Psychological ownership, therefore, offers an alternative route to study self through its association with objects. Cunningham et al. (2008) tested subjects in pairs and told them to imagine that they each owned one of two colored shopping baskets that were placed in front of them. Participants were asked to place pictures of items found in any supermarket (e.g., apple, socks, pencil) into the baskets on the basis of a color-sorting task, at the end of which they each “owned” the items in one of the baskets. The task was operationalized, such that action (i.e., moving the item) was equally shared between self-owned and other-owned items. At the end of this sorting task, a recognition memory task revealed a significant memorial advantage for items owned by self, regardless of who acted upon the object.

What Cunningham et al.'s (2008) findings reveal is that self-item associations forged through psychological ownership yield a similar mnemonic advantage to that generated through the explicit, evaluative encoding of trait adjectives (Turk et al., 2008; Symons & Johnson, 1997). This then raises an interesting question: To what extent are ownership effects supported by activation of the neural systems associated with self-referential processing?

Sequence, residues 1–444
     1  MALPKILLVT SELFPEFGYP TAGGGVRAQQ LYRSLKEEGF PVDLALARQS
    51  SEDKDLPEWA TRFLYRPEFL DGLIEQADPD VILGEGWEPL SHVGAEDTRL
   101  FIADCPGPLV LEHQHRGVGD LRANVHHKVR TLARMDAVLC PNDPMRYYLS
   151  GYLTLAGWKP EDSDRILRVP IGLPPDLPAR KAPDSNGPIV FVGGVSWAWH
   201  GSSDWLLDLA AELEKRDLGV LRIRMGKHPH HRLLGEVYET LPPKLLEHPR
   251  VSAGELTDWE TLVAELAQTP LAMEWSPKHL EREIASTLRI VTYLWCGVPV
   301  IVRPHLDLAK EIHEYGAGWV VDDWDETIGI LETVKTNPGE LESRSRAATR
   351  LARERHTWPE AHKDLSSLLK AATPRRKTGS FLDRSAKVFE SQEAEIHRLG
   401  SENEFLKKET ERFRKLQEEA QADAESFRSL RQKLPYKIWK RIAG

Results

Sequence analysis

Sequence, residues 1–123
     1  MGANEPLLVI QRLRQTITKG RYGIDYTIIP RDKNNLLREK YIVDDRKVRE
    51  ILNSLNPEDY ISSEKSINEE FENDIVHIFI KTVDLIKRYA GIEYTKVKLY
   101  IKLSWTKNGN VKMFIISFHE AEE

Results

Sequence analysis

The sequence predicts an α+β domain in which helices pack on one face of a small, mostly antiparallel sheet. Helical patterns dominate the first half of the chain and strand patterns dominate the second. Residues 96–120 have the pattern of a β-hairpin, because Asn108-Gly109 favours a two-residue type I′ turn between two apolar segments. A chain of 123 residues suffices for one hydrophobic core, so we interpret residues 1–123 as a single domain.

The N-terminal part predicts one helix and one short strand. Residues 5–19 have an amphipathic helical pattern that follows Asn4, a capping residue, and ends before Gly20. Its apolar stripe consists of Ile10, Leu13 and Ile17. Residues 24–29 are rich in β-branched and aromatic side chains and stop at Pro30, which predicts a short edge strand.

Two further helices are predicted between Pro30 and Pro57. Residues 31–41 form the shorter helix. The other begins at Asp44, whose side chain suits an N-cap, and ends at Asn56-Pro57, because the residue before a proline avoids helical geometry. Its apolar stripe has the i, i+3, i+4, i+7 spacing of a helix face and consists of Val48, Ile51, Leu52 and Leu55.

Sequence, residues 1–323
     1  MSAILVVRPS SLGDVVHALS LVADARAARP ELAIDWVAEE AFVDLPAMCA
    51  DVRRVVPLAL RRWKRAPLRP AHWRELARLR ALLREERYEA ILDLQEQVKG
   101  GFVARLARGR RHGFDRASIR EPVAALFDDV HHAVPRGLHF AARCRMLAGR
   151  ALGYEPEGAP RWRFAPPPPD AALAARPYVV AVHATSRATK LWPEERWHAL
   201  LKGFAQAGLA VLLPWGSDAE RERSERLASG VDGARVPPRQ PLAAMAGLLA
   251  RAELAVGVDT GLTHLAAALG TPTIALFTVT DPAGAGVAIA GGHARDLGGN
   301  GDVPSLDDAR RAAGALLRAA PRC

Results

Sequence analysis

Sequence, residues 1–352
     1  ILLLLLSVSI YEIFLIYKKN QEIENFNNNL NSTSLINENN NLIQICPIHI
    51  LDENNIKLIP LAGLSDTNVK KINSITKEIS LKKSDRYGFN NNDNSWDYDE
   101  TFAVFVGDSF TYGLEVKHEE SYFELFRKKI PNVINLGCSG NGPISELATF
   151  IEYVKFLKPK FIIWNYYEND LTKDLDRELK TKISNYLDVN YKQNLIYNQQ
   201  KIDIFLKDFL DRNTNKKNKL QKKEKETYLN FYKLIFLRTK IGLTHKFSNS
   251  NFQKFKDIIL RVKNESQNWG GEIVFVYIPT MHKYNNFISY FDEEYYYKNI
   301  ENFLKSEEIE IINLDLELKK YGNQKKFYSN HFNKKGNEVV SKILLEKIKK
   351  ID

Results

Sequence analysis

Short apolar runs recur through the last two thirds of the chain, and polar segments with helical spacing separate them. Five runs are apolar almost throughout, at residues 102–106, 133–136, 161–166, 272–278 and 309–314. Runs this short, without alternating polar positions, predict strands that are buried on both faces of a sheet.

The Neural Basis of Self-referential Encoding

A recent meta-analysis of functional neuroimaging studies suggests that self-referential processing is supported by activity in a network of cortical midline structures (CMS), in addition to task-related lateral brain areas (Northoff et al., 2006). The CMS areas engaged in core aspects of self-referential cognition include ventromedial pFC (vMPFC), dorsomedial pFC (dMPFC), posterior cingulate, and parietal cortices (Amodio & Frith, 2006; Heatherton et al., 2006; Macrae et al., 2004; Kelley et al., 2002). Northoff et al. (2006) argue that these commonly activated regions have specific functional roles in the instantiation of a core mental self. Specifically, the vMPFC functions as a polymodal convergence zone between exteroceptive sensory areas (e.g., amygdala, BG including the striatum and nucleus accumbens) and interoceptive areas in the midbrain and brainstem. In addition, the dorsal part of the medial pFC (including the anterior cingulate) is densely connected to lateral pFC (including the insula). These regions are believed to play an important role in affective processing and the reappraisal and evaluation of stimuli with regard to self (and “mind reading” ;Frith & Frith, 2003). Finally, the posterior regions (composed of cingulate, retrosplenial, and parietal cortices) are densely connected to the hippocampus and may, therefore, reflect activity associated with autobiographical aspects of the self.